Things You'll Need
Clean paint brush
1 cup of warm water
1 teaspoon of mild liquid soap, such as Dove face wash
If you have a large surface area to cover, such as a couch with soda spilled on it, it may be best to use a professional cleaner rather than risk ruining the couch.
Don’t saturate your leather with water, as this can greatly damage it. Always wring out your washcloths well before applying them to the surface.
Whether it's a favorite old leather couch or the steering wheel in your car that has seen better days, the surface of well-used leather can feel sticky. Luckily, you can clean the sticky feel from leather with very little effort or expense.
Dust away any excess dirt from the leather's sticky area with the brush, paying careful attention to any creases or folds.
Mix your warm water with your dish soap. Dip a cotton swab into the water-soap mix, then rub the swab over the sticky area of the leather. Dip the cotton swab again only if needed, but be careful not wet the leather surface.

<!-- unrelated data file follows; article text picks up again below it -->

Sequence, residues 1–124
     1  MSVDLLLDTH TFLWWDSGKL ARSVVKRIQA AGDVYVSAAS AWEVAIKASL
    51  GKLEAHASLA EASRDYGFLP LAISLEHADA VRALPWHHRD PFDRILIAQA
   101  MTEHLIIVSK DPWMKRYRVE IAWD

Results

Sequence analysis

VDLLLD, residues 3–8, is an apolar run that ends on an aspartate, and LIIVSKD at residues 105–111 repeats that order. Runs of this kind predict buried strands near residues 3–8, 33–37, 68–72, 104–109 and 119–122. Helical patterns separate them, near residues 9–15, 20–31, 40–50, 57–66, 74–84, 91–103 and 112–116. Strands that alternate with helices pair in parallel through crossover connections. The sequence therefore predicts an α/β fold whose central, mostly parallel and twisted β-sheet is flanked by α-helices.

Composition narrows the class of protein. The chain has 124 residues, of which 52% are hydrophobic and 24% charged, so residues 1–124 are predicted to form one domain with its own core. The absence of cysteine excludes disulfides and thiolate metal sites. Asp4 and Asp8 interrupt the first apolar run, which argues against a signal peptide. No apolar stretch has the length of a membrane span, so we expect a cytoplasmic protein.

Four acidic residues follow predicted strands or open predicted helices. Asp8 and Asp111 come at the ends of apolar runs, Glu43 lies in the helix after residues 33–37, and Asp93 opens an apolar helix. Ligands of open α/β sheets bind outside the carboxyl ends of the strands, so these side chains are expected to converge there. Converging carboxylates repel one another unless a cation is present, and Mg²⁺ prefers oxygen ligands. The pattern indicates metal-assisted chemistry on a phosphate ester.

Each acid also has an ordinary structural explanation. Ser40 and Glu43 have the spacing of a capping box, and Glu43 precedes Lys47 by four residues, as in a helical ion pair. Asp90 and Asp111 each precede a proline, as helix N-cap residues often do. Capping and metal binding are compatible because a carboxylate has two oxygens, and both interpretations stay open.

Dab a washcloth into the water to dampen it, but do not soak it. Wring the cloth out and then work the area of the leather into a lather, pulling any loosened material off the surface.
Dampen and wring the second cloth to wipe the lather away, "rinsing" the leather. Inspect the surface to see that the entire sticky feel is gone. If not, repeat Steps 1 through 4 again. If the surface is no longer sticky, proceed to Step 5.
Use your third cloth to wipe the leather surface dry and polish it. If the material is still damp, run a hair dryer over the area on low until it appears sufficiently dry.
Amma Marfo is a higher education professional and writer. Presently, she shares her writing expertise in the Office of Student Activities and Multicultural Programs at Emmanuel College in Boston.